My father, who is originally from London and who now lives in Jerusalem, was once given advice on how to act more American: start drinking coffee instead of tea and watch the Celtics. Granted, this was 30 years ago, when I was little and the Big Three were Bird, McHale and Parish. Even though the coffee suggestion was a bit ludicrous, watching the Celtics seemed like sound advice, and I’ve been a Celtics fan my whole life.
Sure, I’m sad the season is over, but if you told me in January that it would have lasted until the fourth quarter of Game 7 of the Eastern Conference Finals, well, I wouldn’t have believed it. I don’t think anyone believed in the Celtics more than Doc Rivers, and I’m so happy he knew we were all wrong.
We hosted nearly every game in this post-season, and I always had something out for our guests to enjoy. Man cannot live on nachos alone, and truthfully, I’m much more likely to slap together a Mediterranean mezzes platter than to order a pizza. And so this eggplant dip found its way onto a platter last week.
I wonder what Ottolenghi, an Israeli now living in London, would have to say about his eggplant dip being eaten with gusto in front of such a uniquely American sporting event, but I won’t wonder too long. There’s dip to eat, people!
This might have been the easiest thing I’ve ever done to an eggplant. The day before, I placed it, whole, on a foil-coated pan, coated it with oil and roasted it for 3 hours, or until it turned mushy and caved in on itself. Once the foil had cooled off enough to handle, I folded it around the eggplant, dropped it in a bowl, and put that in the fridge overnight. The next day, I scraped the meat from the blackened, blistered skin, and made this dip in less than seven minutes.
Sure, our basketball season is over for now, but with about 17 hours of Euro 2012 on the DVR and the Olympics coming next month, I have no doubt this dip will be made again and again.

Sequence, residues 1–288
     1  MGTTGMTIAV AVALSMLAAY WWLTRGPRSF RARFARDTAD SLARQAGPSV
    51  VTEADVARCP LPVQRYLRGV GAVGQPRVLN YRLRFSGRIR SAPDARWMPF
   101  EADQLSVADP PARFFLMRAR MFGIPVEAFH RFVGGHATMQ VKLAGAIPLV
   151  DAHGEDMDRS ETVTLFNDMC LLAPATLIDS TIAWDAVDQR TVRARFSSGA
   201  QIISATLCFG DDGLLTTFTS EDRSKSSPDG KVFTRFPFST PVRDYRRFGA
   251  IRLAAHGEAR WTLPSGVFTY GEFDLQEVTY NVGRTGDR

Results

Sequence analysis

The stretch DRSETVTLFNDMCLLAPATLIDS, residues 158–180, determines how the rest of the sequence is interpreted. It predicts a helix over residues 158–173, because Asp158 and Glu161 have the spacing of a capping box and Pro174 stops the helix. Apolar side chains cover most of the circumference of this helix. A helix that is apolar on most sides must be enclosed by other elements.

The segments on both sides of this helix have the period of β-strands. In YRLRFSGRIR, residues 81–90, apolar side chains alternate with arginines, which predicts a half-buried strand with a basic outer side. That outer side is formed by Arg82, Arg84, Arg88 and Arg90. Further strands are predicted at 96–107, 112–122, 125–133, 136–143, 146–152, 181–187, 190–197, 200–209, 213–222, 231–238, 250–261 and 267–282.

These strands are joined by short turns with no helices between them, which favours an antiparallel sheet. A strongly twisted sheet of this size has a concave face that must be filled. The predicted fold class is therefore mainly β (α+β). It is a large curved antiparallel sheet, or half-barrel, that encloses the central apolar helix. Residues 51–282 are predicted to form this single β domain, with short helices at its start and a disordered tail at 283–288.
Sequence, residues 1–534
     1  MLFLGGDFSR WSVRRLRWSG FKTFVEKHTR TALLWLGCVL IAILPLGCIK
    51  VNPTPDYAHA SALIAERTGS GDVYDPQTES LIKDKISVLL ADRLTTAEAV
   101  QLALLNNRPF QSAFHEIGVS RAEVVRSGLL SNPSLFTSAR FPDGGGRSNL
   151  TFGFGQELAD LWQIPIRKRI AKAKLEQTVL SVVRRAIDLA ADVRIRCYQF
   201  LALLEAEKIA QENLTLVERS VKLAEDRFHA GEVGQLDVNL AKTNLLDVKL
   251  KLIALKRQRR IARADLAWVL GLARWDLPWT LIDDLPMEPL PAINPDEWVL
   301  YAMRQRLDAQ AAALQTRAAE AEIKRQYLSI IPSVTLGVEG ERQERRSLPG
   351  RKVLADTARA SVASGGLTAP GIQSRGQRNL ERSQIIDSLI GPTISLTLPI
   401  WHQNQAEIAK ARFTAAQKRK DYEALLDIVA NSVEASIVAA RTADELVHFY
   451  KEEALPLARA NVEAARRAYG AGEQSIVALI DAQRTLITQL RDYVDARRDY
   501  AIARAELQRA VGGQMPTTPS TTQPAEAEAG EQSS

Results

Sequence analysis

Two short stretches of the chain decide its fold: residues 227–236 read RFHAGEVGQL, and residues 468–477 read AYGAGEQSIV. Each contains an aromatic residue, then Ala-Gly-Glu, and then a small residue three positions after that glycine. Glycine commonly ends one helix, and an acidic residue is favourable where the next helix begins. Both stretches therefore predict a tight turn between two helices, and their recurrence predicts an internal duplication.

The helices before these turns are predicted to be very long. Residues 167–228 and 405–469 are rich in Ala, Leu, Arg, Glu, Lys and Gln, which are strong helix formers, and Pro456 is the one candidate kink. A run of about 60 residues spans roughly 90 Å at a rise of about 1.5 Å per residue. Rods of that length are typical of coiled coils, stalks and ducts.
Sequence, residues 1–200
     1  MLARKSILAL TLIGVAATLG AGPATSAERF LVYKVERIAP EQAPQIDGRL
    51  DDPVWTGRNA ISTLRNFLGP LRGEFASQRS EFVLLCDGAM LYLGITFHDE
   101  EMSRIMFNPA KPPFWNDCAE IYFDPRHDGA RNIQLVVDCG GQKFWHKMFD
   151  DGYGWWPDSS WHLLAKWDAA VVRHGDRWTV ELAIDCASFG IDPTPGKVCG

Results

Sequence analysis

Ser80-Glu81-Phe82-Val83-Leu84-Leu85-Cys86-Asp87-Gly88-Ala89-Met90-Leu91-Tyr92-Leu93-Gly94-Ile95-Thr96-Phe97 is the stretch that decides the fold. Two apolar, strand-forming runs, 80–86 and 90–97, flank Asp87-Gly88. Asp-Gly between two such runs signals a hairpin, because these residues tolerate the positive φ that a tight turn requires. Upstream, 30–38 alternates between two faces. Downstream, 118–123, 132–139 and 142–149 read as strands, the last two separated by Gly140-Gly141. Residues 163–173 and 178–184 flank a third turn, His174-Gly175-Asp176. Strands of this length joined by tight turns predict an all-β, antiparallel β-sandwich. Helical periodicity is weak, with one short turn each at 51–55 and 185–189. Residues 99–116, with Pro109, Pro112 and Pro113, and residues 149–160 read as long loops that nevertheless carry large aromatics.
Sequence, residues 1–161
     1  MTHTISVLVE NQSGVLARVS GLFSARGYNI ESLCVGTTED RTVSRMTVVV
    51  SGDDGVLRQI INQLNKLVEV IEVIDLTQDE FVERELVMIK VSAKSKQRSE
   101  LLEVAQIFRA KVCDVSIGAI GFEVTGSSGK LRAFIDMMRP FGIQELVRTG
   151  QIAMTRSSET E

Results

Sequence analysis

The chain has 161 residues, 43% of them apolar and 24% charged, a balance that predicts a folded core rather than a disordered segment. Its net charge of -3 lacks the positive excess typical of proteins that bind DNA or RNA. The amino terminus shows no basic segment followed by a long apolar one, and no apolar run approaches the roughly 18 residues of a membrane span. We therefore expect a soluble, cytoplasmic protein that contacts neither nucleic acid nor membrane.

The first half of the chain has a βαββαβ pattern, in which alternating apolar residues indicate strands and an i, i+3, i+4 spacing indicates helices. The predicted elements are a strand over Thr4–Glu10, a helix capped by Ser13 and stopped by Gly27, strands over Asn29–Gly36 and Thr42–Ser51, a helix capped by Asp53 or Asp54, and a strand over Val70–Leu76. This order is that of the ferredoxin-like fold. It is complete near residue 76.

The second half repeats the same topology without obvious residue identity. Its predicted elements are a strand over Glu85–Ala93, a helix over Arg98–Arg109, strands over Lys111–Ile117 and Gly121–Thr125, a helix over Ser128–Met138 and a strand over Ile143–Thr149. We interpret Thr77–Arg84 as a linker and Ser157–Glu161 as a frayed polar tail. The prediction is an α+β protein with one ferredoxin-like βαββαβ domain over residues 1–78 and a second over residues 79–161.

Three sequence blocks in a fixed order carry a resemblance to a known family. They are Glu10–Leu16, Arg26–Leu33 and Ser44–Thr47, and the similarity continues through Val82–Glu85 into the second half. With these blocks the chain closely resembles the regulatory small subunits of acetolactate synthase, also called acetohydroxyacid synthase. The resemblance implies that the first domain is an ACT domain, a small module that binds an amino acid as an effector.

Burnt Eggplant with Tahini from Yotam Ottolenghi’s Plenty
1 large eggplant
1/3 cup tahini paste
¼ cup water
2 teaspoons pomegranate molasses
1 Tablespoon lemon juice
1 garlic clove, crushed
3 Tablespoons chopped parsley
Salt and pepper
A little olive oil to finish
First, burn the eggplant. (I was very lazy with mine and simply roasted the eggplant in a 400 degree oven for about 3 hours, keeping a close eye on it after the second hour.) Ottolenghi suggests (and I fully support) lining the area around the stove burners with foil to protect them, and starting the eggplants on the stovetop by putting the eggplant directly on two moderate flames and roasting for 12 to 15 minutes, turning frequently with metal tongs, until the flesh is soft and smoky and the skin is burnt all over. Keep an eye on them the whole time so they don’t catch fire. For an electric stove, pierce the eggplant with a sharp knife in a few places. Put them foil-lined tray and place directly under a hot broiler for 1 hour, turning them a few times. The eggplants need to deflate completely and their skin should burn and break.
When cool enough to handle, scoop out the flesh into a colander, avoiding blackened skin. Leave to drain for at least 30 minutes.
Chop the eggplant flesh roughly and transfer to a medium mixing bowl. Add the tahini, water, pomegranate molasses, lemon juice, garlic, parsley and some salt and pepper; mix well with a whisk. Taste and adjust the season, adding more garlic, lemon juice or molasses if needed. You want the salad to have a robust sour/slightly sweet flavor.
I served the eggplant with lots of cut up crunchy vegetables and triangles of whole wheat pita. Ottolenghi suggests sprinkling fresh pomegranate seeds on it and tossing it with sliced mini cucumbers and cherry tomatoes and making it more of a salad. It’s up to you, really.